By 2035, zero-emission truck/chassis sales would need to be 40% of truck tractor sales, which...

By 2035, zero-emission truck/chassis sales would need to be 40% of truck tractor sales, which would include the all-electric BYD 8TT, displayed at the 2020 Work Truck Show in Indianapolis.

Photo by Chris Brown.

The California Air Resources Board on June 25 unanimously adopted the first statewide zero-emission commercial truck requirement, the Advanced Clean Trucks rule.

The main component of the rule is an electric truck sales standard. Manufacturers who certify Class 2b-8 chassis or complete vehicles with combustion engines would be required to sell zero-emission trucks as an increasing percentage of their annual California sales from 2024 to 2035. 

By 2035, zero-emission truck/chassis sales would need to be 55% of Class 2b to Class 3 straight truck sales, 75% of Class 4 to Class 8 straight truck sales, and 40% of truck tractor sales. 

By 2045, every new truck sold in California will be zero-emission.

Trucks are the largest single source of air pollution from vehicles, responsible for 70% of the smog-causing pollution and 80% of carcinogenic diesel soot even though they number only 2 million among the 30 million registered vehicles in the state, according to CARB.

According to a press statement by CARB, the new requirement to shift to zero-emission trucks and cars will help California meet its climate goals and federal air quality standards, especially in the Los Angeles region and the San Joaquin Valley, which suffer the highest levels of air pollution in the nation.

New NOx Emissions Rules on the Way

In the coming months, CARB will also consider two complementary regulations to support this action, the organization stated.

The first sets a stringent new limit on NOx (oxides of nitrogen), one of the major precursors of smog. This will require that new trucks that still use fossil fuels include the most effective exhaust control technology during the transition to electric trucks. There is also a proposed requirement for larger fleets in the state to transition to electric trucks year over year.

Today’s action was preceded by multiple CARB regulations to transition to zero-emission passenger cars, cleaner diesel fuel and improved technologies to limit diesel emissions for all trucks and buses. Over the past few years, CARB has also set rules to electrify buses used by transit agencies and shuttles at the state’s largest airports by 2030.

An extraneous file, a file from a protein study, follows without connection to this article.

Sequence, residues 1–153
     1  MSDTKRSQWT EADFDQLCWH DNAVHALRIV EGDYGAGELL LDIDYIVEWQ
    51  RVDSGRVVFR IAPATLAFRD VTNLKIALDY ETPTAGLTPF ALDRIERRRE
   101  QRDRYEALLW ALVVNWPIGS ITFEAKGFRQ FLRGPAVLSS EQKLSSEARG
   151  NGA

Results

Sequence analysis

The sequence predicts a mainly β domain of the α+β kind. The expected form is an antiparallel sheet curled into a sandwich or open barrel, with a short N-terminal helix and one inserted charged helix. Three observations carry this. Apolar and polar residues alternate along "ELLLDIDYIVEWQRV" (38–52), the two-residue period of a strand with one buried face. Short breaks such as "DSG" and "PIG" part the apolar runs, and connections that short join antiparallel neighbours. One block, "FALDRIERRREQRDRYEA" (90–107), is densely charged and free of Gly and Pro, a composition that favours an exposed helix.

The chart shows the percent of new truck sales by Class that must be zero-emission through 2035.

The chart shows the percent of new truck sales by Class that must be zero-emission through 2035.

Chart courtesy of NRDC (Natural Resources Defense Council).​

Reactions to CARB Electric Trucks Rule Mixed

Environmental groups hailed the decision.

"Today California took a significant step forward, demonstrating how states can play a pivotal role in charting a new course for the country to protect public health while building the backbone of a cleaner, more equitable economy," said Patricio Portillo, transportation analyst with the Natural Resources Defense Council, in a statement.

However, during the public comment process, trucking and other groups expressed concern over the increased cost for the technology and unknowns over battery range and durability.

Trillium, Love’s alternative fuels business unit, said the rule “sets nearly impossible goals for deployment of currently non-existent heavy-duty vehicles as targets, falls short in optimizing emissions from non-zero-emissions vehicles, and excludes private enterprise from the infrastructure/refueling space altogether.

“In short, this rule picks unproven technologies as the way forward with no backup plan, and sets up no means for private enterprise to deliver on these lofty promises.” The Trillium letter said.

In an announcement sent out shortly before the CARB decision, the Diesel Technology Forum suggested that faster adoption of the latest clean-diesel technology could help meet air quality goals. In a statement, Forum Executive Director Allen Schaeffer said California's regulatory environment has resulted in fleets keeping older, higher emitting trucks on the road for longer, and that only 36% of registered diesel trucks in the state are of the newest generation diesel emissions technology, "falling short of the national average of 43%, and well behind Indiana where over 65% of all registered trucks are of the newest generation."

"Today, diesel engines using renewable diesel fuel and blends of biodiesel fuels in California are delivering more greenhouse gas benefits than all electric vehicles combined," he said. "The replacement of older trucks in California with more efficient new diesel models, coupled with the use of these biofuels, represents a low-cost solution to deliver substantial and immediate greenhouse gas reductions compared to other approaches."

Originally posted on Automotive Fleet